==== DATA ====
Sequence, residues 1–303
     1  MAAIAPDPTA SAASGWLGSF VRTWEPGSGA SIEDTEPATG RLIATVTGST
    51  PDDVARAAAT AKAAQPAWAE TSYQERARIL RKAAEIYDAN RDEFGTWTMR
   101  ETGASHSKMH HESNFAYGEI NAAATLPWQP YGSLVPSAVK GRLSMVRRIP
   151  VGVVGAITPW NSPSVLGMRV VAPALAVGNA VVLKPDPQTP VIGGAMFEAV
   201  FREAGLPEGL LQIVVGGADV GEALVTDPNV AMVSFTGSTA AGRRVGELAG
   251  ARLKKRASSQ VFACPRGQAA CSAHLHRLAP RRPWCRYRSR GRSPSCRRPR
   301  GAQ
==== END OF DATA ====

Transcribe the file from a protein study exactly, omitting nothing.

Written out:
Sequence, residues 1–303
     1  MAAIAPDPTA SAASGWLGSF VRTWEPGSGA SIEDTEPATG RLIATVTGST
    51  PDDVARAAAT AKAAQPAWAE TSYQERARIL RKAAEIYDAN RDEFGTWTMR
   101  ETGASHSKMH HESNFAYGEI NAAATLPWQP YGSLVPSAVK GRLSMVRRIP
   151  VGVVGAITPW NSPSVLGMRV VAPALAVGNA VVLKPDPQTP VIGGAMFEAV
   201  FREAGLPEGL LQIVVGGADV GEALVTDPNV AMVSFTGSTA AGRRVGELAG
   251  ARLKKRASSQ VFACPRGQAA CSAHLHRLAP RRPWCRYRSR GRSPSCRRPR
   301  GAQ